Don’t Walk Here

9 Feb

A new report by the transportation policy watchdog group the Tri-State Transportation Campaign identifies New Jersey’s most pedestrian-UNfriendly roads.

The “winner” is Route 130 in Burlington County. According to their analysis, between 2007 and 2009, 10 pedestrians were killed on that route, with most of the fatalities occurring where the roadway passes through relatively busy suburban areas such as Cinnaminson and Delran. At least three additional pedestrians have been killed on the Burlington Pike in the latter half of 2010. A concrete Jersey barrier bisects much of the route to discourage pedestrians from crossing. But with crosswalks spaced as much as a half-mile apart, even normally cautious pedestrians risk the traffic by crossing mid-block.

Other New Jersey routes topping the list were Blackhorse Pike in Atlantic county, Route 1 in Middlesex County, Route 549 in Ocean County, and Route 1&9 in Union County. Like the Burlington Pike, each of these roads is a wide, high-speed arterial lined with shopping centers and offices.

The analysis found the state’s most dangerous roads for walking over the three-year period were:

Rank Roadway Pedestrian Fatalities (2007-2009)
1 US-130 (Burlington Pike/Bordentown Rd), Burlington County 10
2 US-322/40 (Blackhorse Pike/Albany Ave), Atlantic County 7
2 US-1, Middlesex County 7
2 Route 549, Ocean County 7
2 US-1&9, Union County 7
6 US-30 (White Horse Pike/Absecon Blvd), Atlantic County 6
6 SR-21 (McCarter Hwy), Essex County 6
6 John F Kennedy Blvd, Hudson County 6
6 Route 35, Middlesex County 6
6 Route 28 (North Ave/Front St/Westfield Ave), Union County 6
11 US-9, Monmouth County 5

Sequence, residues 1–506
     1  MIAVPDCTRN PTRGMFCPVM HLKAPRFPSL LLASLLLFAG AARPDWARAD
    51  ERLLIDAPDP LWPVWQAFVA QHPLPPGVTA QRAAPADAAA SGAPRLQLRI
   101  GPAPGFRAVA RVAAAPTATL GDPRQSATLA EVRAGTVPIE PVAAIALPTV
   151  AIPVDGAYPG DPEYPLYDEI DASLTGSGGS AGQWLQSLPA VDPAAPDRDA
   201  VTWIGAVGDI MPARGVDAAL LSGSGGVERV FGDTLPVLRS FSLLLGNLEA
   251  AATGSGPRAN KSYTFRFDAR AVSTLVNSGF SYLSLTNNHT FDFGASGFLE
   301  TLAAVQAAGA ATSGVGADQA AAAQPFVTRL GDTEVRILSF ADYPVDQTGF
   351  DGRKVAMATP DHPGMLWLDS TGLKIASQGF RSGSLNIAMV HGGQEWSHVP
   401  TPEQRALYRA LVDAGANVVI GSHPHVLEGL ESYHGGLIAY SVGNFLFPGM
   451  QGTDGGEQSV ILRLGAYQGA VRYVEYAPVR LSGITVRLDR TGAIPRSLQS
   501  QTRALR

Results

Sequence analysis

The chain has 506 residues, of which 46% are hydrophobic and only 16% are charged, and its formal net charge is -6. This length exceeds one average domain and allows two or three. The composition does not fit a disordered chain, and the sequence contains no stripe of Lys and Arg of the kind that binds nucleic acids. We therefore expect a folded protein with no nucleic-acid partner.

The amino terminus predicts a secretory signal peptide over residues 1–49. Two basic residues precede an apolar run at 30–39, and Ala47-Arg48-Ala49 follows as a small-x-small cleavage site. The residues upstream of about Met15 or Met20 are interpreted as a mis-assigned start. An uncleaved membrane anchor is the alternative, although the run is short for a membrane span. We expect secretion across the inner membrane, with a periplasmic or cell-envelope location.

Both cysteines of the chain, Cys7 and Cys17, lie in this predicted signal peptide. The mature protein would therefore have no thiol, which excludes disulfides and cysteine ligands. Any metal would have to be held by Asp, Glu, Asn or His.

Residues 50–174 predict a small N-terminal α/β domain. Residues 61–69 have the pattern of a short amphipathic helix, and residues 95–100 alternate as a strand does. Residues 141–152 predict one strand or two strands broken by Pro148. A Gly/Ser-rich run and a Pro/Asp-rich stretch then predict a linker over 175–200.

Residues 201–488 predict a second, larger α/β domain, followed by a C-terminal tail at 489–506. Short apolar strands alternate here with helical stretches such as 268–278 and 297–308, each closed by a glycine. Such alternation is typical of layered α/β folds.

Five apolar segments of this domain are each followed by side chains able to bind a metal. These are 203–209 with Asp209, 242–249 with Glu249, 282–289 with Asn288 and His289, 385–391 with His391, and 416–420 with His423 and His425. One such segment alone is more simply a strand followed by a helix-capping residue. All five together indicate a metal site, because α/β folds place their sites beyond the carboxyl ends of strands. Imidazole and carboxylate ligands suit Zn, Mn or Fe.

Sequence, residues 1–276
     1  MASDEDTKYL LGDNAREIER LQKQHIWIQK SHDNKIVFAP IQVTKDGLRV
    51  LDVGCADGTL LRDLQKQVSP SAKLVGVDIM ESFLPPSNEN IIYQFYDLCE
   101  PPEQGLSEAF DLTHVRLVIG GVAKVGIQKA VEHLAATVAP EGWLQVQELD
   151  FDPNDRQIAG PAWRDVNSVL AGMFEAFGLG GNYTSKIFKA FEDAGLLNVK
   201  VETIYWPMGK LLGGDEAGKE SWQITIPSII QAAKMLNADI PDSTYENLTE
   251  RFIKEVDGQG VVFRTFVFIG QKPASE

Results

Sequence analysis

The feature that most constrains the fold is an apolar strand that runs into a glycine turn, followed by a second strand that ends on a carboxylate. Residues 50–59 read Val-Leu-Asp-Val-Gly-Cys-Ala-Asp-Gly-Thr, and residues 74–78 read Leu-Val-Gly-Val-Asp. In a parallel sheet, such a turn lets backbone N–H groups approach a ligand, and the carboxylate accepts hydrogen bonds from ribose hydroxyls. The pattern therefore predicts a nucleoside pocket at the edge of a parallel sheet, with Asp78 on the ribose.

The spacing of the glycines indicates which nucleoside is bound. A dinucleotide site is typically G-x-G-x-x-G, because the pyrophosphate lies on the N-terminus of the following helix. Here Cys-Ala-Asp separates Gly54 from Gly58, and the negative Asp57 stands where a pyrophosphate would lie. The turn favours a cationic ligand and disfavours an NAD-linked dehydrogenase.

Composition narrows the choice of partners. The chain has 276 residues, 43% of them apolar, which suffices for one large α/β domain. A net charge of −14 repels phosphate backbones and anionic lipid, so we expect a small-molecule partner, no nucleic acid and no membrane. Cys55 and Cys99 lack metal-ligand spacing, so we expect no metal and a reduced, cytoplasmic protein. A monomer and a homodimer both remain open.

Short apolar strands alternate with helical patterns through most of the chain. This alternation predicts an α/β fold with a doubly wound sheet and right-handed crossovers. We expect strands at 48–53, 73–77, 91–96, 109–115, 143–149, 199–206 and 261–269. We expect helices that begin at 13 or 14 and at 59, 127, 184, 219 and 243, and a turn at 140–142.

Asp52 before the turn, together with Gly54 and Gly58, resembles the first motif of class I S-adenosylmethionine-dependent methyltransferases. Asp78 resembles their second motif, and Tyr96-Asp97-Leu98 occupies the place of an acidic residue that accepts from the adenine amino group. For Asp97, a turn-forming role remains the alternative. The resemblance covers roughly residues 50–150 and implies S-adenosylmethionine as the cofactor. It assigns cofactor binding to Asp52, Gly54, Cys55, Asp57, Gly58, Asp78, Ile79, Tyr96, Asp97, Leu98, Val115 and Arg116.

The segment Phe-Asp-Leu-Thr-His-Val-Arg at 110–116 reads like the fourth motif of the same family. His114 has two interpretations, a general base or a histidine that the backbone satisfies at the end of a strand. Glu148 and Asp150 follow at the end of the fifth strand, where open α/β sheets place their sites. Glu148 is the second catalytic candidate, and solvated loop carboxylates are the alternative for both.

11 US-9, Ocean County 5

The group hopes that this new analysis will encourage state and local leaders to press for increased funding for pedestrian and bicycling projects. In particular, they are calling on legislators to ensure increased funding for the Local Aid program as proposals for the Transportation Trust Fund reauthorization. Pedestrian safety projects can produce dramatic safety improvements (and create much-needed construction jobs) at a fraction of the cost of a typical road project.

The Tri-State Transportation Campaign applauded efforts that are already underway to improve safety in many of these corridors, and noted that New Jersey has made reducing pedestrian fatalities a statewide goal and sets aside significant funding for pedestrian safety projects.  NJDOT’s new Safe Corridors program was established to improve pedestrian safety along especially dangerous roads.  And the state recently revamped its methodology for awarding state and federal safety funds to target places with the greatest need. Furthermore, in 2009, the New Jersey Department of Transportation adopted an internal Complete Streets policy requiring that transportation planners and engineers consider all potential users of a roadway, including pedestrians and bicyclists, in the design of a new or significantly retrofitted road.

The Campaign’s analysis was based on recently released data from the National Highway Traffic Safety Administration’s Fatality Analysis Reporting System (FARS). The analysis excludes Interstates and other roads where pedestrians are prohibited. Federal data was not available for pedestrian injuries, many of which occur in urban areas like Newark, Trenton, and Camden.

County fact sheets showing the most dangerous routes for walking are also available.  The fact sheets also include an interactive Google Map showing the locations of each pedestrian fatality, with descriptive details for each victim killed on the county’s most dangerous route or routes.

The full report, as well as county fact sheets and Google Maps can be found at www.tstc.org/reports/danger11/


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